Movers and Shakas, an initiative to attract former Hawaii residents and other out-of-state professionals to work remotely from Hawaii while volunteering in the local community, has confirmed its first cohort.
The fifty participants work in a wide range of industries, including technology, education, consulting, energy, and financial services, and 65 percent are former Hawaii residents.
“We look forward to the contributions of our initial cohort of outstanding remote workers, who will contribute their time and skills to impactful projects with local nonprofits in Hawaii,” explained Nicole Lim, director of Movers and Shakas. “Over the next few months, this group will be engaging with the community in a way that creates a sense of shared stewardship for our natural and cultural resources.
“As a long term goal, this program will help us build resilience in our economy by further exploring remote work opportunities – especially in our tech and innovation sectors,” Lim added.
All participants will attend pre-departure orientations and cultural training provided by the Native Hawaiian Hospitality Association. Members of the cohort will arrive in Honolulu over the next few months and each participant is expected to work from Hawaii for at least 30 days.
This initial group will receive free round-trip tickets to Oahu, donated by United Airlines and Alaska Airlines, and will be provided access to special discounts at local hotels. They will receive no additional payment beyond the compensation and benefits they currently receive from their own employers.
“I understand that Hawaii has been hit especially hard by COVID-19 and I appreciate that this program is looking for ways to create a more resilient, less-tourism dependent economy by cultivating an ecosystem of remote workers,” said program participant Olivia Papa, an engagement manager at a global consulting firm who will be moving from Orlando, Florida. “I look forward to creating a deeper connection with Hawaii to truly understand its people, history and culture, something I would not have been able to do in just a short stay to Hawaii.”
“I left Hawaii right after high school, but still consider it my true home,” said Jennica Goo, a full-stack software engineer who works remotely for Zillow Group and was one of the founding members of the company’s Indigenous People’s Network. “I am most excited about the opportunity to volunteer with nonprofits and put my skills to work where I can benefit the local community the most. I want to look for opportunities to connect my work at Zillow with the Native Hawaiian community.”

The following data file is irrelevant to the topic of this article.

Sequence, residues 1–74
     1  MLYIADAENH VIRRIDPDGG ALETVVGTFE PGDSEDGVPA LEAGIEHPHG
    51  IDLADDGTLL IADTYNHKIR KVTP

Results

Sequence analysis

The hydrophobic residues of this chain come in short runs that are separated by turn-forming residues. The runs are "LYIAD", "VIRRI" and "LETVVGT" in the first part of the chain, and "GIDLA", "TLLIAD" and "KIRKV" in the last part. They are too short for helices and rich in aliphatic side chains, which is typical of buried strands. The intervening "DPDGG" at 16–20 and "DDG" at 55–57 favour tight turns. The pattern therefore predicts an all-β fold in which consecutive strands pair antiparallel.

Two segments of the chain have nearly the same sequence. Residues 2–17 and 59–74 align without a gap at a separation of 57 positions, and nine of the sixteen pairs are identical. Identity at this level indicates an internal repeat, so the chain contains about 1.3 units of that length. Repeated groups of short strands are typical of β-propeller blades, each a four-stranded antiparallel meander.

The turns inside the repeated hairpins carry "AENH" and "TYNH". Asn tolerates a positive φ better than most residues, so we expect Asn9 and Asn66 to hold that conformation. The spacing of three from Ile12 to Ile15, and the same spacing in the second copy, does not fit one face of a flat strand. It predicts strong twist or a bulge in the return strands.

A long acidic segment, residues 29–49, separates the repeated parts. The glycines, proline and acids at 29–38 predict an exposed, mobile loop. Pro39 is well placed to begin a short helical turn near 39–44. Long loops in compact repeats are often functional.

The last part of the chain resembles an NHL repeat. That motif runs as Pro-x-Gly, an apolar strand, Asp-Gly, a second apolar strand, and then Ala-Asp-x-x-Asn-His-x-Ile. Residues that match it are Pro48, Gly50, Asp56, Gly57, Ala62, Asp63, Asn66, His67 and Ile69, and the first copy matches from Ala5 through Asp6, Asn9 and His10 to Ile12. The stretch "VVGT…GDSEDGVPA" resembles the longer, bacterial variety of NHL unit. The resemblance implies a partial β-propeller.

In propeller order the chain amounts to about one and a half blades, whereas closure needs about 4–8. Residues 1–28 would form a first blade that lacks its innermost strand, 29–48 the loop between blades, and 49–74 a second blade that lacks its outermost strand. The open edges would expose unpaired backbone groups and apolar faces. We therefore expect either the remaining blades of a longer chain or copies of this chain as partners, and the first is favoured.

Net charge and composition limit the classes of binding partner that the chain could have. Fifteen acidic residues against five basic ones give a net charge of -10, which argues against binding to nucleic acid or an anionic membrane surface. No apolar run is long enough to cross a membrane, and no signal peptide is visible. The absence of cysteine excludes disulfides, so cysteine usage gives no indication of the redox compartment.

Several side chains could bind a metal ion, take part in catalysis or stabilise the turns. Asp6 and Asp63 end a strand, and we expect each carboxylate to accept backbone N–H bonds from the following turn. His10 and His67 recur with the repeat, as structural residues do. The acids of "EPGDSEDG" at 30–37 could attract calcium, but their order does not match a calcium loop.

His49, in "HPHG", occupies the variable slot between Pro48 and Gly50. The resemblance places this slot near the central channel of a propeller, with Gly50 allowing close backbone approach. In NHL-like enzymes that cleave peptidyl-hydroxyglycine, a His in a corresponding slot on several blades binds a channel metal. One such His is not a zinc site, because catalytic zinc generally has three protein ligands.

During their stay, participants will volunteer with non-profit partners such as the Chamber of Commerce Hawaii, Hawaii Literacy, The Pantry by Feeding Hawaii Together, and Girls Scouts of Hawaii for at least 15 hours a week.
“We are extremely excited to begin our partnership with the Movers and Shakas program to bring new opportunities to our girls – especially in the area of STEM education,” said Shari Chang, CEO of Girl Scouts of Hawaii. “The volunteers will provide extra assistance as we build our STEM Center for Excellence at Camp Paumalū on the North Shore of Oahu, as well as help to craft and deliver virtual programs centered around STEM careers.”
Program organizers were overwhelmed with the response of nearly 90,000 applicants for 50 initial spots. This pilot group will help refine plans for the future as the program looks for ways to grow.
Funding for Movers and Shakas was provided through donations from a variety of founding organizations, with support from the Department of Business Economic Development and Tourism (DBEDT). This program is not funded by the CARES Act or any government funding dedicated to COVID-19 recovery.
About Movers and Shakas
Movers and Shakas aims to attract socially responsible remote workers to come to Hawaii and actively contribute to the community. The program is rooted in three pillars: people, economy and caring for Hawaii. The mission is to create a more innovative, resilient, and sustainable Hawaii by enabling personal relationships, professional collaborations, and contributions to the community. For more information about the Movers and Shakas program, visit www.moversandshakas.org.